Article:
Kossuth County Advance from Algona, Iowa on August 30, 1934 · Page 4
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Kossuth County Advance from Algona, Iowa · Page 4

Algona, Iowa
Issue Date:
Thursday, August 30, 1934
Page 4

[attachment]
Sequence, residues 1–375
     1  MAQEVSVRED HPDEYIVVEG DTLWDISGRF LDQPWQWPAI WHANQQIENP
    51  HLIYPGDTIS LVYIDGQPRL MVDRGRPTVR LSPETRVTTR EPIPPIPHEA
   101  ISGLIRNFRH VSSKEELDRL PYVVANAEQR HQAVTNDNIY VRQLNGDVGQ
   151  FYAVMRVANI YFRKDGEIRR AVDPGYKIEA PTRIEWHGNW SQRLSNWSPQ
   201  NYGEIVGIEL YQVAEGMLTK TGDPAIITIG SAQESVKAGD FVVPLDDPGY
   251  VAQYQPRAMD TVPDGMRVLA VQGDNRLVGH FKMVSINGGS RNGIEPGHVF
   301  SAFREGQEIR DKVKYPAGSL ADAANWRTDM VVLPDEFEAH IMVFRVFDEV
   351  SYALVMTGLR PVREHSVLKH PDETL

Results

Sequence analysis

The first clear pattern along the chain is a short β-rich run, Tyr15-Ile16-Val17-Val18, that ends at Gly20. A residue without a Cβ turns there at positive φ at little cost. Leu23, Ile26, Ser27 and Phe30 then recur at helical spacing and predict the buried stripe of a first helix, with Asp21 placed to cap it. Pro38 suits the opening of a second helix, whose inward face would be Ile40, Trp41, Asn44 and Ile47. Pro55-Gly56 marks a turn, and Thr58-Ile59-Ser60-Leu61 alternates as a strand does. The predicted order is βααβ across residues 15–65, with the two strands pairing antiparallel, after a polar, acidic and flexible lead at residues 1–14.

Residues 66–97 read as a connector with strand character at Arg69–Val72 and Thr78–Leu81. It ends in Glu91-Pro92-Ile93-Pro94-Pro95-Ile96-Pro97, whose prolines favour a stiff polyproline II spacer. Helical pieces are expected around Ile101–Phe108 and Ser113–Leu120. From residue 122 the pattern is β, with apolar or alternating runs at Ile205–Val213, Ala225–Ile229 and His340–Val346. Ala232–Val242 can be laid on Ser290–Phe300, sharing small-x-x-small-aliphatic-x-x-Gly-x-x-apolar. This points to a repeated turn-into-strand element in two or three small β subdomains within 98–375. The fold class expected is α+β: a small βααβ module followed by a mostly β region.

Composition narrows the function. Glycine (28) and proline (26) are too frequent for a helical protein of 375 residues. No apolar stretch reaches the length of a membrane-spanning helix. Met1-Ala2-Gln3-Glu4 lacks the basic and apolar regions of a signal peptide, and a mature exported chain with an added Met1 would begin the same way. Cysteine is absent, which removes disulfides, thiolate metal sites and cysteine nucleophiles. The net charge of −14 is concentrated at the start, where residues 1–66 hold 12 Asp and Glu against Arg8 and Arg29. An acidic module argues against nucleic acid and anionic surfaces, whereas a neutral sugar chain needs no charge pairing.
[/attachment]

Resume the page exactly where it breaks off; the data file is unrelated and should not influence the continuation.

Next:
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PAGE FOUS KOSSUTH COUNTY ADVANCE, ALGONA, IOWA %oesutl| Act r,f \fnreh 2. 'that its enforcement would only add a new army to the roll call of those entitled to the pension. A s BB1OOND o L A 8 a If the real spirit and purpose of t908 ; ** *{;* the law is to be adequately carried unaer tn» ou ^ and ftll applicants for the pen . sion arc to be cared for, it' is esti- TBRMS OF BUBSORIPTION mated now that the tax, in coming »—To Kossuth county postofflces and years, will surely reach $8 to $10 bordfrinK poitofflcet *t Armstrong, i per head annually from those li- Bode, Brltt, Buffalo Center, Cor- ! n ui 0 Cm- Ha with Cylinder, Rlmore. Hutching, j" UR - lul us l.lvermore, Ottosen, Rake, Ring- < -^——— rted Rodman. SUlRon, West Bend, and Wnrt^n, year _„ $2*.w I—To ail other TI. B. Postofflces, y«nr $2.60 At>fj subscriptions for papers going to points within the county and out- j of-thp-eounty points named under No. i } abovt nre oonsldered continuing •obscrlptlona to he discontinued only on untlcp from subscriber? or at publisher's discretion. Subscriptions frolng to nfoi-C'innty points not named under No. ' shove will be discontinued without notice one month after expiration of time paid for, If not renewed. fcut time for payment will he extended It r«questBd In writing TIMELY FILL, LIKE OT,T> AGE, HAS ITS These cooler nights And kinder days, These softer lights And autumn haze, Are like the years Of later life, After the tears And joy and strife. Less red the flow'rs, Less green the grass, But quiet hours In peace we pass; Though gone the May, The summer spent, We are less gay But more content. In spring we fear The thought of fall, But, autumn here Mind not at all; For living writes No fairer page Than softer lights And quiet age. — Douglas Malloch. THE eM> AGE PENSION SCHEME IS P003IED TO FAILURE The pitiful thing, the tragic thing Farley Calls G. 0. P. Attack "Just politics," says a Des Moines Register headline. Doubtless in good part true. But what of the attacks of Al Smith, John W. Davis, Senator Carter Glass, and many other erstwhile democratic leaders. And anyway who is Mr. Farley to be flinging the charge "politics" against anybody? In his speech at Brltt last week Wednesday night, Governor Herring referred to the recent rise in the price of corn as if it were due to the operations of AAA, according to a Mason City Globe-Gazette report. Apparently he did not explain why corn obstinately remained under the government loan peg till Mother Nature took a hand. Strange how politicians of all parties imagine they can put over ex- ravagant claims. Thnv must think the people are pretty dumb. From the standpoint of farmers who sell corn the government loan plan was a life-saver. For feeders vho have to buy corn there may be question, but even they cannot but admit that the plight of the corn- selling farmer justified help. And is the situation has worked out, he drought assisting, the government will lose nothing and feeders com headed for prices in keeping vith the price of corn. About all that we of north Iowa have loft to fear this season in a business way is a killing frost i Ex-AJgonian work er and creamery. Roland White, Iowa Falls, came yesterday for a few days with his grandparents, Mr. and Mrs. Ellis McWhorter. .. — .„,... „„ „ o^^o Ul A . H. Stock returned Friday from "Iowa-Portraits," and this one O f'f pooner > Wis -> where he visited a Frank D. Williams, Iowa City brotn er. He visited the world's fair 'T'HE IOWA DAILY PRESS association is\ running a series of ews Frances Sorensen, Algona, derwent an appendectomy at and Mrs. Agnes Laldloy went to Mason City Tuesday. Mrs Kossuth hospital fast"" week" Mon- iLaldley will remain with Mrs. Tier- day. Mrs. R. H. Foutz, of Sioux City, went home last Thursday after several days at the home. F. E. Saunders Mr. and Mrs. Bert Cronin returned Monday from Grinnell, where they visited since Friday with relatives. Mr. and Mrs. E. W. Gangwere, of Bode, became parents of a boy at the Kossuth hospital a week ago Saturday. Audra Benton, of Wesley, began ney for an Indefinite period. Dr. F. J, McAllister, who spen the summer here as interne at the General hospital, left yesterday for St. Joseph, Mo., where he will bo connected with Mercy hospital. Dr. Geo. P. Elvidgo, of Perry spent Sunday with tho Hugh Hermans. Mrs. Herman recently suffor- od a nervous breakdown, from which she is slowly revocerlng. Mrs. G. F. Towne and her daughters Bertline and Betty Lou returned Tuesday from two weeks al banker, co-founder and former president of the Iowa State bank Algona, appeared in the Mason City Globe-Gazette. Mr. Williams, who is a director of the Chicago Federal Reserve bank, is vice president of the First Capital National bank, Iowa City. ATHLETIC SHOW AT BUflT PLANNED FOR TOMORROW Another boxing and wrestling show will be held in the open-air arena in the rear of the Gettman service station at Burt tomorrow en route home. Mrs. James Allan, Fort Dodge, and three sons are spending the week with Mrs. Allan's sister, Mrs Nellie Van Allen. Priscilla Southgate left ' yesterday for Eveleth, Minn., where she is director of physical training jn tho public schools. Mrs. H. A. Wagner and Peggy i Schoon, Bufalo Center, visited the ' former's sister, Mrs. M. W. Ferguson, several days last week. Mrs. J. o. Paxson returned yes- as stenograph-| rasa Lako , n northern Minnesota i at the Algona |Thcy stnyf!d at the A]gona cabini Mr. nnd Mrs. H. N. Kruso started for Des Moines Friday for a day at the state fair, but their car broke down, and they had to bo towec home, arriving late Saturday night June Corey got home Monday from tcn days with Mrs. T. F. 0'- Haire Jr., the former Eugenia Rist and Mrs. R. A. Hunter, the former Ruth Dickinson, at Washington D. C. Roy McMahon, assistant cashier at the Towa State bank, Is on vacation. He spent last week with friends and relatives at Minneapolis nnd at other northern Minnesota points. Mrs. Dennis Pratt and children Mildred, Loyd, Merle and Betty Jean, spent last week Wednesday at West Union attending the county fair. West Union is the Pratts, terday from Mason City, where former'home" she had spent a week with her daughter, Mrs. F. B. Shaffer. Mr. and Mrs. H. H. Horn, of New- Mary Galloway, Ames, is spending the week with the P. J. Chris- wen homo^VnursdayS S^J^ \^° °! «»• within the next two or "v^.vu t,wu Ul Thomson, .. o «... 8:15. The bouts will;guests of the inree ^ tue tuir( j of a series of ma t c i les n f Rnrt t ,,i a .concerning the old age pension actj weeks - With a good corn crop all adopted by the special session of bu t assured, a fair oat crop con- , m the forty-fifth general assembly sidering the drought, hog prices /"e arena has a seating capacity last year, is to be found in the Somg up, and corn-hog money I ot 300 ' and fans are assured of false hopes which it held out to the :comil 'S in, we are sitting on top O ' f ! Sood, fast, evenly matched fights. ' ' "" world, at least as compared' aul Ha mmil, Algona, is to act as r °feree, Jos. Bloom as announcer; aged and needy citizens of the state. ! with an y other snot in the world These hopes, as shown by the, heard from to date, workings of the law, are proving i The daily papers of Iowa, some its utter inadequacy in fulfilling its of the small town dailies excepted obligations. The law was hailed as:are for Governor Herring's general a great humanitarian movement, sales tax. So, doubtless, are the owners of all other valuable properties subject to taxation. Why Gnllnrno, Pes Moines, is involuntary guest contributor of this editorial, which appeared in last week's Plain Talk. The AdrHnce would add only that the old age pension act imposes a now tax and sets up new agencies to do what was formerly done hotter anil at less expense by tho boards of supervisors. and it would be such a movement tad It been constructed along lines of sufficiency to meet the conditions it seeks to relieve. shouldn't they be? The sales tax levied and collected at the same rate on the poor as on the rich, not according to ability to pay, will reduce their levies. See the Des Moines Register, the Mason City Globe-Gazette, et cetera for arguments which do not bring out this point. In Wisconsin Senator LaFollette is against the sales tax. The Chicago Journal of Commerce says President Roosevelt is against it. After the democrats obtained control of the House at Washington in and Dr. W. T. Peters, timekeeper. Burt, as On the fight card are listed five boxing match. matches and a wrestling The wrestling match will ^Oak, were week-end and her flu prevailing in- week and for fear it might grow worse spent a few *.*,.;,. u-. w. otiuman and her ,!„ , * *! »V i— — daughter Ann will spend today and f * <? Nevada sanitarium. He tomorrow at Maxwell guests of the rCtUrned SlmdaV Hoi HOI- former's mother, Mrs' land. Mrs. Margaret Busline!! Hofmaster went to Corwith Monday to begin another school year been teaching there for and years. bo between Frank Bauer, Titonka, IGO-lb. middleweight champion of „ Iowa, and Nick Olson, also 1GO Ibs., Supnda y. of Humboldt. The match will be' Tn elma Horigan, secretary of the old-style wrestling, catch-as-catch P lake school for boys, will return can. an at- President Hoover's term tempt was made to adopt the sales tax but the rank and file of democratic congressmen stood out against the leaders and killed it. Apparently sales taxation is good' democratic doctrine only in Iowa. Opinions of Editors Editor Lee Grows Sarcastic. Estherville News—Iowa certainly needs a second bureau of internal revenue; it is in keeping with the government policy to load additional expenses upon taxpayers. More jobs should be created to eat The state old age pension board 3ias determined there are 1,460,000 ;persons in the state of the age of 21 years or over, all of whom are subject to the payment of the tax. The pension tax for the present year is fixed at $1 per head, and if all the 1,460,000 citizens held to be liable for the tax should walk up to the offices of the treasurer of state, and the county treasurers empowered to receive the money, «.nd plank down the full amount, the fund would reach this year a total of $1,460,000. The old age pension bill, as originally written, provided for a maximum pension to dependent citizens who had reached the age of 65 years, of ?30 a month. The bill was finally amended fixing the maximum at $25 a month, or $300 a year. If all who are liable for the tax should pay, and if all the money received should be devoted to that Jiurpose, at the maximum amount provided for, which the Lord knows is little enough to hold body and soul together, the $1,460,000 would •provide pension tax relief at an average of $15,000 per county, or a 'few dollars more, and this would afford relief to 50 persons in each'^ £££ is something wrong of tlM. 99 counties of the state, or an industry in whicnsso magn of leas than 5,000 persons in the en- •• - - - umuy tire commonwealth. If other counties in the state can te compared as to population with Polk county, and as to the percentage of population which will tile applications for the pension, Tinder the law, the total appllca- tiona in the state will be in tho neighborhood of 60,000, or ten times as many as this year's full The main go in boxing will be between Johnny Cosgrove, Titonka, and Bud Rule, Fort Dodge. The latter has appeared on Algona cards several times. Both weigh 145 pounds, and they will go six rounds. The semi-windup will be Clarence (Runt) Schrader, Burt, sponsor of the meet, vs. Vince Stoner Humboldt. Both weigh 135 pounds, and they will go four rounds. A three round match between two 160 pounders, John Recker Bancroft, and Eldon Patterson, Seneca is expected. Another three-round match will be between Ray Brayton, Wesley and Maynard Keuck, Fenton, both 140 pounds. The fifth bout will be Texas Hammerstrom vs. K. 0. Mey- Burt, weighing 100 J. H. Wright, Red- three children stop- Friday with the D. They were en route home from visits at various points in southern Iowa. Fred Martin, of Melbourne, is spending a month with his daugh- B"eard;ihe Re;: U anTM» C P If ^ Raym ° nd McCorkle - Mr ' Braner were dinner guests of Mr Martm ca ™e a week ago Monday, d Mrs. Harry Rut ZS Livenno^ , ^ » d jE^^ln operate a R. P. Norton, Mrs. H. L. H. Spencer, Mrs. R. W. Horigan, and the latter's The Rev. P. J. Braner and Fled Jacob, who attended a synodlcal convention of the Iowa district of tho Missouri synod at Keystone, last week returned Friday. The convention opened last week Monday. Editor and Mrs. John Ouderlan, Kanawha, and daughter Betty were Algona visitors Monday evening. Betty remained for visits at tho — , homes of her uncles B. A, and R. wlt |} nor Parents, Mr. and Mrs. W. M. Guderlan during tho rest of tho i ? • Daughan. She is taking nurses week. | training at Mercy hospital, Mason At the Call By T, H. C. Appears on nngo 8, son City yesterday, after two weeks finish her last week in northern Minnesota. co "! se next summor fishing. Mr. Morck is the Door' Tno Rev - and Mrs. J. Robert Boor distributor in this territory. "Oomer wcro expected homo yes- ,,. ..., Their daughter Virginia stayed at '-erday from Clinton, Ackley, and I Uly Mf >ndaj C. H. Swanson's during their ab- D u''"nuo, where they visited rela- coln ' so at sence. The E. L. DeZellars moved last week-end into tho M. T. McOuiro and friends. At Clinton Mrs •" had an operation for ap- two weeks ago. . . ., , ,, -innui,, residence on north Phillips street I Mr ; and Mrs - W. H. Godden JfArmo from nnrtii .Tnimo a(^ Tho Me- "augliter Mary Elizabeth, and son! MH - L I UII1 *iw* bll U\JU\^K> OLl WLt X 1HJ lYUj™" _. , " " -••*•-» wfc»i| CH.IU CJUH ' Guires moved to one of the Me- Bllly rf!t urned Friday from a wook! To Guiro farms near St. Joe last at clllcn go. Besides seeing tho " fair, Mr. Godden attended a Mo- Craftsmen of America at " Guiro farms near spring. Mrs, E. J. Butler and Mrs. Leo Swanson. of Wh.ttemore, and h« son Rex, went to Chicago Saturday for a week. Ruth Ann Butler is meanwhile with her grand- "^'^"r'l^ mother, Mrs. John Butler, of near •!?*", °« hter whiftnmnro i chaperon at to Sioux City,, resume teaching in '-ho last grade. She spent six lico "sos to t n , vacation as Dan Cupid. Tho i ., „, an ° kob °J | music camp Aldon Wilmv on the Methodist camp grounds, both of /.,;?' - j Sho is tho daughter of Jos. Stell. |inoler '"""""• Mrs. H. N. Conrad, Omaha, and n nines i Hw ral Homo, returned to his i - ...».•» *T*.» u, \>UlUtlUH „.. . sister, Mrs. C. H. Swanson, wife of Mr. and Mrs. M. C. Solensten, Ma- the manager of tho A & P store delia, Minn., spent Sunday with tho i " Dr. A. D. Adams family. They took lome their twin children, Margaret and daughter June Adei w»«,mvui- ind Marion, who had spent three had dinner last Thursday niirht vnolra 1int»a IMVo Arlni-»n t« « «>»««. ,.,j* i, T\ i,*- __ J & l *u Table j. CJ —- «•• uxiu J.1. VK* JL OLUi U. I T lllO T T Mrs. Wm. K. Ferguson, Mlnnio J. and'Iiu B j Y1" lts : ""'via Sa, Coate Mr and Mrs. J. F. Overmyer,! Samlet ,„/?? and W and daughter June Arir-1 nv n ,.^,,«J „:,,"• a11 nf T--:iliol,v e-J™. veeks here. Mrs. Adams is a niece 3f Mrs. Solensten. Helen Daughan returned to Ma- with Frances Messcr and her mother at Humboldt. Miss Messer is a teacher in the Algona high school. 'UllOlil; Wesley, Mao •H-I-H-M .H..H"I'I M. year. She has several Mr. and Mrs. Gottlieb Gronbach, iu .Minneapolis tomorrow after n ~, V ""••*«*", «"iu <•»« uiucr s month with her mother Mrs RW dau S«ter Thelnm spent Friday at Horigan Spencer, where Mr. Horigan is em- KeS^ S1 ST ^osS 3 ^^** ^a City, went spent last Thursday at Mason Citv e last week Wednesday after with the former's sister Mrs M ?f veral dayS With £riends ' He was K. Cullen. iu vthe guest of the Dennis Pratts. The Rev. and Mrs C Paul Carl ! Wllham win be s °Phomore at the - - =tnt D university this fall. and Mrs. C. W. Morck spent week in northern Minnesota oxneced " expected home this week-end, after , a month at Long Lake in northern Minnesota. ers, both of pounds. up the money extracted from people, so less of it reaches the the treasury. Soon everybody will be working for the government. This Much is Ortnln. Fort Dodge Independent—There may be plenty of room for difference of opinion as to what constitutes good movies or bad movies, Football Squads To Open Training Season Sept. 3rd Coach Kenneth Mercer is expected sometime this week, and next Monday following school he will begin the annual fall football training. Issuance of football suits will probably take most of the time the first night. The suits will probably be cleaned this week in readiness for the season. The schedule for the season, with a list of the prospective players, appeared in the Advance last week. Coach Arthur Nordstrom, of St. But nobody will deny tax assessment would provide for. Already, it is stated, more than 3,000 citizens of Polk county eligible, because of age and needs, have made application for the tax. If all those applications are al- Polk more lowed it can be seen that county alone would eat up than 60 per cent of the total eeipts from the tax levy. and every man has a right to his Cecelia's academy will also be-in (-IUTV, nnininn T5,,f „„!,„/] Ill J ,.„„„„ "-mj, will <U&U U6gm season practice next Monday evening. A list of academy prospects also appeared last week, but the name of Stanley Patterson was accidentally omitted. He is one of the mainstays in the academy's line as guard. its notables lead such messy lives. The public has a right to demand that people who are in position to have so much influence should lead an honorable and clean existence. You Are Talking! Wavorly Independent—If some form of old ago relief is to be continued, there remains only one sound plan: old age insurance, under which each employed person pays the state a certain percentage of his income each year for accumulation for his own use alone as an old age annuity, or for payment to some beneficiary in case of his death before reaching the retirement age. sion •way. As We Were Saying. _, . ,. j. .. Knoxville Journal—The next big But, the distribution of the pen- barrage of propaganda from the rm money will not work that East will be labeled H. C. L. (High Instead of the aged and dependent citizens receiving the amount which the bill held out as Cost of Living), and the professors will undertake to limit the price of foodstuffs for the benefit of the -a promise for them, the pension i industrialists. It is always that board will find itself faced with way when the farm country gets a the duty of spreading the money break in the way of abnormally out, and the spreading will be so,high prices caused by our thin that, instead of affording re- friends "supply and demand lief, it will prove but an added aggravation to those whose hopes it had built up to the thought that re- old publics are not "ungrateful" after alL But, of course, the whole $1,460,000 will not be collected this year. Pension Shortage Seen Already. Spencer Reporter — There appears to be a growing conviction that the set-up for administering the old age pension law, which provides for a maximum mnn'Mv n»v- Runs for County Attorney. P. B. Shaffer, Mason City, husband of the former Kathryn Paxson, Algona, is the republican nominee for county attorney in Cerro Gordo county. Mr. Shaffer became well known in Algona when h e was receiver of the First National bank. He formerly lived at Lawler, where he was a banker and also practiced law. Reports from the various counties ment to beneficiaries of $25, will «.epons irom tlie various counties "'""- L " ucuciiuianus ui ^o, will speak on "Where is tho Show not much over 58 per cent of '' un far short of f unds not long af- Elijah'" Service Sundav that sum rnlWtrx) t,> rioto .milter it gels into operation Nnvpm- „* o.oA. ,,_ „ ouuuuy i that sum collected to date, and much of it for which non-property ;ber 1 - Collections in all counties owners and transients are respon-| of . the state are far short of Bible, according to the law w m jfluirements to mefit payments never be paid. ' ----- n -'° ' ------ ' . As stated at the beginning the thought back of the old age pen- re- of I sion tax—that the declining years even half the maximum. Taxpayers vs. Tax Eaters. Toledo Chronicle — Senator Arthur Capper, in his Capper's Farm- of the aged and needy of the "state or, says we might be trancmil and r^^l-fhet^mA was a beautiful thought. Tho trag- taxeaters bankru back of ,t is that the ' choose - the long .run destroy its a taxeater. will try i And that is i end." begin- TRINITY LUTHERAN, P. J. trailer, Pastor—Next Sunday English service, 9 a. m.; Sunday school and Bible class, 10; German service, 10:30. Sunday school teachers meeting tomorrow evening Our Parish school will open next Mori- day. High school teachers and students are heartily welcomed at our services. FOURSQUARE,"!?; I, Meyers, I astor—Service tonight at 8; subject Light. Saturday night at 8, the Rev. Louise E. Webster will id of Sunday afternoon at 2:30; Sunday night at 8; Beauty for Ashes. NAZARKNK, A. W. and Hazel Ir- all be at Bible school at 9:45 a. m. This will be the frist Sunday in the new assembly year. Reports of the Ottumwa assembly will be given at Sunday school and morning and evening services, y. P. meeting at 7; Evangelistic services, 8. FIRST LUTHERAN, M. A. Sjostrand, Pastor—Next Sunday: Sunday school at 10 a. m.; regular services at 11. PRESBYTERIAN, C. Paul Carlson, Minister — Regular services will be resumed next Sunday. Mrs. > Des Moines, and their two sons came last week Wednesday for a week with Senator and Mrs. L. J. Dickinson. Pauline Osborn, the Advance's last i fishing. Mr. Morck is the D~eeVl3eer daughter Virginia stayed at C. H wanson's during their absence H. T. Miller left Monday for Oklahoma City, where he is athletic director. Mr. and Mrs. Miller had -. n-uiiii^ \SOUVIU., U1H3 -tt.UVU.IlCe B U * •*•• ------ -—"•«» uuu Seneca correspondent, was an Al- ' ff en ^ is ,!, mg tne latter ' s Parents, ' gona visitor Tuesday. Dr She is about j er ' to begin teaching a rural school near Lu Verne. G. F. Towne suffered two broken P. V. Janse. Mrs. Mil- for a further visit. Jack Streit got home Tuesday from Chicago, after two weeks with —. -. *. u ,,..i. «ui.i.ci 1311 LWU UlUittJIl 1,1,. «„*!,« TIJT i ,-., ...". toes in his right foot last Thurs- > £ rat , her ' M - A ' stre 't. his brother day, when a radiator at the Goed-:S a , rold ' an( ? sisters Bett y and welen. Jack will be a sophomore at St. Cecelia's academy this fall. Want Ads ers store fell on them. He is at present on crutches. Ruth Stokes, Minneapolis, went back to her work in a doctor's office last week Wednesday, after two weeks with her parents, Mr and Mrs. G. D. Stokes. Mr. and Mrs. T. L. Larson and theri daughters Theodora, Maxine, . - ,and Meredith spent Sunday at Ce- resentatl ve for Wisconsin's Great- dar Rapids, guests of Mrs. Larson's , Nurser y- No delivering or col- LIBERAL TERMS TO RIGHT MAN in choice territory as sales rep- father, Prank Gerstner. lecting. Healthy work with good own. William P. Steele, Laurence Mis- 2f y , m a busi ness of your „ bach, and John Mulroney, of Mai- btock Northern grown, with liberal lard, left last Thursdoy for two suarantee - Company established weeks in Northern Minnesota dur- over 30 years.—Write McKay Nursery Company, Madison, Wisconsin. 50(3w) ing the hay fever season. Betty Scanlan returned last week ' Wednesday after three weeks with F °R SALE—USED Jt _ her grandparents, Mr. and Mrs. D. Call at 221 North Thorington Al- J. Scanlan. She is the daughter of g°na. 10p50 Dr and Mrs. F C. Scanlan. PEARS FOR SALE—$1.00 a bushel f Mrs. Bernard Tierney, daughter ' -Mrs. C. E. Heise. 9p50 fUMthelUoAld SCHOOL SUPPLIES TEXT BOOKS TABLETS PENCILS PENS KULE1JS THEME PAPER LOOSE LEAF NOTE BOOK COVERS PASTE CRAYOLAS SHBAFFER'S SKRIPT INK SANPORD'S INK Sheaffer Fountain Peus and Pencils DRUGGIST AND JEWELER s« Q..UI i n G of Smart New Things To Wear at Christensen's There's a brand new gallery of fashions ready for your inspection. Coats of New Luxury Frocks of entirely new Chic Suits as New as Tomorrow Hats and Shoes You'll Adore There's a thrill waiting for you when you see them . . . and a still bigger thrill ahead when you wear them. All Priced Very Reasonably. Ghristensen Bros. Co. Algeria's Style Center" WE CASH "CORN-HOG CHECKS" NOW Select Your Coat and O'Coat Now Pay for them when "corn-hog" check comes. We have faith in Uncle Sam. We estimate not later than September 20th, and are selling at old P» ce '" that date, but you can get the benefit no mattw when—whether in 20 days or 20 weeks. Anything in clothing is a good investment — P 081 ' lively will be higher (should be higher now) in WW mg with food and labor costs. Ready for school- -pants and jackets. Misbach Clothing Co. Algona, Iowa. \\